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JAMA Pediatrics study doesn’t
provide enough data to support its findings

Last week, The Marijuana Report covered two studies: “Association of Marijuana Laws with Teen Marijuana Use” published last week in JAMA Pediatrics and “Trends in Single, Dual, and Poly Use of Alcohol, Cigarettes, and Marijuana Among US High-School Students: 1991-2017” published last month in the American Journal of Public Health.
 
The JAMA study found no evidence that medical marijuana laws increased adolescent marijuana use but did find evidence that legalizing the drug for recreational use may decrease past-month and more frequent adolescent marijuana use by 8% and 9%, respectively. The public health study found a 10-fold increase in teen marijuana use, using data from the same survey – the CDC’s Youth Risk Behavior Survey (YRBS) – over nearly the same period (JAMA: 1993-2017; Public Health: 1991-2017). The YRBS Survey collects data in the spring every other year.
 
The studies seemed contradictory to us. We wrote to their authors asking for clarification. Here’s what they said:
 
Author of the American Journal of Public Health study, Hongying (Daisy) Dai, PhD: “Our study focused on marijuana use patterns. We provided discussions in the article. Hope this helps.”
 
Lead author of the JAMA Pediatrics study, Mark Anderson, PhD: “Our study is interested in estimating the effects of policies, while the other is interested in documenting trends. I do not see how the two are comparable. They ask fundamentally different questions, using entirely different methods.”
 
In their study, Dr. Anderson and his colleagues say without identifying them that “7 states contributed data to the YRBS before and after RML [recreational marijuana law] adoption.” They later note the odds of recreational legalization decreasing adolescent marijuana use is consistent “with the argument that it is more difficult for teenagers to obtain marijuana as drug dealers are replaced by licensed dispensaries that require proof of age.”
 
But if licensed dispensary sales, rather than the year states legalized marijuana for recreational use, are the criteria used in this study, only four states fall within its time frame.
 
Colorado and Washington State legalized recreational marijuana November 2012. Licensed retail sales began in the former January 2014, the latter July 2014.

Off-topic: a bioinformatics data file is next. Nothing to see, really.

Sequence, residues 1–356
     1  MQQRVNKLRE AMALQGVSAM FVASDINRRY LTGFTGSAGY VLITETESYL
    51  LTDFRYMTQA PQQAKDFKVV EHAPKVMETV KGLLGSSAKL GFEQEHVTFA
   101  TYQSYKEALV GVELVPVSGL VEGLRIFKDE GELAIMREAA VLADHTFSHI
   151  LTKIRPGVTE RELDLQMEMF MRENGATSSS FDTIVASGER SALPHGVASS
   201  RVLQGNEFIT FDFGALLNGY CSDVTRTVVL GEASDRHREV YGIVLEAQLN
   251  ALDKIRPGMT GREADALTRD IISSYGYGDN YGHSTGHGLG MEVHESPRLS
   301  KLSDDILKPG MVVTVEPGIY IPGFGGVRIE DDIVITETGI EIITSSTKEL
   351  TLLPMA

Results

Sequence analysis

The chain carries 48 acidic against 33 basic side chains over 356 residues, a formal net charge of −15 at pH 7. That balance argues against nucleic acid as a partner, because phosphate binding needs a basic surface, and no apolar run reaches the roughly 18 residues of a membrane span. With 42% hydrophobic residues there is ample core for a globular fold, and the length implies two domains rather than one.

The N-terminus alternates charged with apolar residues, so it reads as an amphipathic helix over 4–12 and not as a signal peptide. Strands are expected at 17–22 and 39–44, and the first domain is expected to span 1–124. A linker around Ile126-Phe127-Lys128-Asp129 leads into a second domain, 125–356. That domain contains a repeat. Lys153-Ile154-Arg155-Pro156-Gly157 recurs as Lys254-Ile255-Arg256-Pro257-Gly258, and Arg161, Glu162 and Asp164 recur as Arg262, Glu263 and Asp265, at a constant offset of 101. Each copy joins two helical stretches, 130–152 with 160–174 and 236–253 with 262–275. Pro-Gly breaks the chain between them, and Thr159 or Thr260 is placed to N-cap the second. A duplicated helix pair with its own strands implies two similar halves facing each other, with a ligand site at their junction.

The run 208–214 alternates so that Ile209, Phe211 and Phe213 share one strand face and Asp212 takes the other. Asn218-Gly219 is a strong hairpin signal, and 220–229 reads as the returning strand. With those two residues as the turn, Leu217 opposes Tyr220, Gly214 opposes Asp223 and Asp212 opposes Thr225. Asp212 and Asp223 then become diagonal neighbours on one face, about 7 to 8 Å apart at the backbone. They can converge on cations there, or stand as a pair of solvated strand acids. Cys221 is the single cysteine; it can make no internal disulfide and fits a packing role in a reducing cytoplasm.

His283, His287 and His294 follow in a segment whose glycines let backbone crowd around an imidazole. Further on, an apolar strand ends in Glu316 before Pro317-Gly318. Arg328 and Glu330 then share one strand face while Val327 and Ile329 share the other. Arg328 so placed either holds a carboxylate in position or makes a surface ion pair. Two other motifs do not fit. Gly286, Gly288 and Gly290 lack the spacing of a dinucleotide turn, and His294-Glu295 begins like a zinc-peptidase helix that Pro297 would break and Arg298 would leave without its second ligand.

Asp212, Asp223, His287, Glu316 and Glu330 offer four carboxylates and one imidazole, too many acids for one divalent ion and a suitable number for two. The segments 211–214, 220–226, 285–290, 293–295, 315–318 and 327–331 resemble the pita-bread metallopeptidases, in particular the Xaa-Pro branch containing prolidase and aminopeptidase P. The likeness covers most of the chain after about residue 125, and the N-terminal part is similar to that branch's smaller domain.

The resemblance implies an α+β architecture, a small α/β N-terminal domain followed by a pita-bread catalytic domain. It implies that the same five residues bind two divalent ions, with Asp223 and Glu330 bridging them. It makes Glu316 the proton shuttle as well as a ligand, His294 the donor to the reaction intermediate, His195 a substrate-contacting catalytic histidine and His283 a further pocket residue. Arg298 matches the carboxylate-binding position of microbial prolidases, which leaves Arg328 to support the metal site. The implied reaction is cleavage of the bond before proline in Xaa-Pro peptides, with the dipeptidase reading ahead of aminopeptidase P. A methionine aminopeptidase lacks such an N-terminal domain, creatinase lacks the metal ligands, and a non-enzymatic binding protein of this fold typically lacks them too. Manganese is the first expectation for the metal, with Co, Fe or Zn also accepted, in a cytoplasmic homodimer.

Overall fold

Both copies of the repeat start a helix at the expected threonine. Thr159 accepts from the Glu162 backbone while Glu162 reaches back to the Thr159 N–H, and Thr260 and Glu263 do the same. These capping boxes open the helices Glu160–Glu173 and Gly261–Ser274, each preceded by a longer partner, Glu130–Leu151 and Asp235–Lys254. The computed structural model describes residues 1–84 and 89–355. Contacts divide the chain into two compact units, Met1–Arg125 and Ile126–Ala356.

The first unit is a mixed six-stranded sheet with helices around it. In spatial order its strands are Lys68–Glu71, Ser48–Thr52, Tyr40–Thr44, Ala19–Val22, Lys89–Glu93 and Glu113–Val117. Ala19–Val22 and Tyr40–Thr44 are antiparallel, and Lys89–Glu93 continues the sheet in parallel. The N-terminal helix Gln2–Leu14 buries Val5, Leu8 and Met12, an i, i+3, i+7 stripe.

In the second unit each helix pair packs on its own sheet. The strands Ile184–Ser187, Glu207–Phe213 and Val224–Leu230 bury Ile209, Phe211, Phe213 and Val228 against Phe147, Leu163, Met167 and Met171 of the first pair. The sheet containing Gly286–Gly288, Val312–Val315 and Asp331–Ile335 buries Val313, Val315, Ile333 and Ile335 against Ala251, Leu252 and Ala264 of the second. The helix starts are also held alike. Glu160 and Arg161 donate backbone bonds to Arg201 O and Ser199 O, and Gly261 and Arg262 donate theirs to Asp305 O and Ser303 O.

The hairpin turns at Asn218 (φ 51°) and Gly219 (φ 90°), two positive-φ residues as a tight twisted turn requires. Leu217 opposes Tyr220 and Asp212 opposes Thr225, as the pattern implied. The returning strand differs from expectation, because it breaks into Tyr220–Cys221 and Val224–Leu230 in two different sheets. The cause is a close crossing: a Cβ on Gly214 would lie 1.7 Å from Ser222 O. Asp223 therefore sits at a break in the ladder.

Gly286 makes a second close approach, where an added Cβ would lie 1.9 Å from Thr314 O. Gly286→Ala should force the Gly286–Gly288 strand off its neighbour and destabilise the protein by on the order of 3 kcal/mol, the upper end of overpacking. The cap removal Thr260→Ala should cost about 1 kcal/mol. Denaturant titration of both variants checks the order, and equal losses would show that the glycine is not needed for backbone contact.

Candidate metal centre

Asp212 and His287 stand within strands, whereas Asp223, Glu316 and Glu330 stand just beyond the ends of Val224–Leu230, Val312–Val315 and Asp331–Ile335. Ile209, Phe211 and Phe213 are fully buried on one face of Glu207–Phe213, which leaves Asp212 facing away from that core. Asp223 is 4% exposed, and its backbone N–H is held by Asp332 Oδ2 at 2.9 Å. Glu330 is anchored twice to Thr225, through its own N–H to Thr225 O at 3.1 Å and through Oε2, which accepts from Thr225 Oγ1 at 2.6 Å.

Alaska and Oregon legalized recreational marijuana November 2014. Licensed recreational sales began in Alaska February 2016 and in Oregon via medical marijuana dispensaries October 2015 until January 2017, when licensed recreational sales began.
 
These are the only states that licensed recreational marijuana sales before the YRBS study ended in 2017.
 
Although the District of Columbia and Maine legalized recreational marijuana in November 2014 and 2016 respectively, and Vermont did so in 2018, none allow licensed recreational sales. (Maine’s governor just signed a new bill that will allow licensed sales as of March 2020.)
 
California, Massachusetts, and Nevada legalized recreational marijuana in 2016 but licensed retail sales began after 2017, the end point of the YRBS study.
 
Michigan legalized recreational marijuana in 2018 as did Illinois in 2019.
 
Dr. Anderson told CNN, "Because many recreational marijuana laws have been passed so recently, we do observe limited post-treatment data for some of these states. In a few years, it would make sense to update our estimates as more data become available."
 
With only four states inaugurating recreational marijuana sales before the YRBS study closed, we agree.


Read Dr. Anderson and colleagues' study here. Read abstract of Dr. Dai's study here.


Note: References for dates that licensed dispensaries began recreational sales in each legal state are available. Send your request via email to nfia@nationalfamilies.org.
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The Marijuana Report Staff
Executive Editor
Sue Rusche
Editor
Nicole Carter
IT Consultant
Lee Clontz
Social Media Coordinator
Margarita Eberline
 
We are grateful to our Board of Directors and Senior Adviser for their support of National Families in Action, which produces The Marijuana Report website and e-newsletter.
 
National Families in Action
Board of Directors

William F. Carter, Chairman of the Board
Realtor Berkshire Hathaway HomeServices – Georgia Properties, Atlanta.

Sue Rusche, President and CEO, Atlanta.

Richard L. Brown, Secretary
Attorney (Ret.), Lakewood Ranch, Florida
Founder & Chairman, Sudden Cardiac Arrest Association 

Jeannine F. Adams, Director
President and CEO, J. Addams & Partners, Atlanta.

Jack L. Arbiser, MD, PhD, Director
Thomas J. Lawley Professor of Dermatology
Winship Cancer Institute, Emory University, Atlanta

William H. Avery, Director
Partner (Ret.), Alston & Bird, LLP, Atlanta.

Margarita Eberline, Director
Strategy Director, 360 Marketing Plus, Atlanta.

Robert Margolis, PhD, Director
Founder, Caron Solutions Intensive Outpatient Program, Roswell, Georgia.

Shannon Murphy, MD FAAP, Director
Birmingham, Alabama 
 
Senior Adviser
Kent “Oz” Nelson, Chairman and CEO (Ret.)
United Parcel Service, Atlanta.
 
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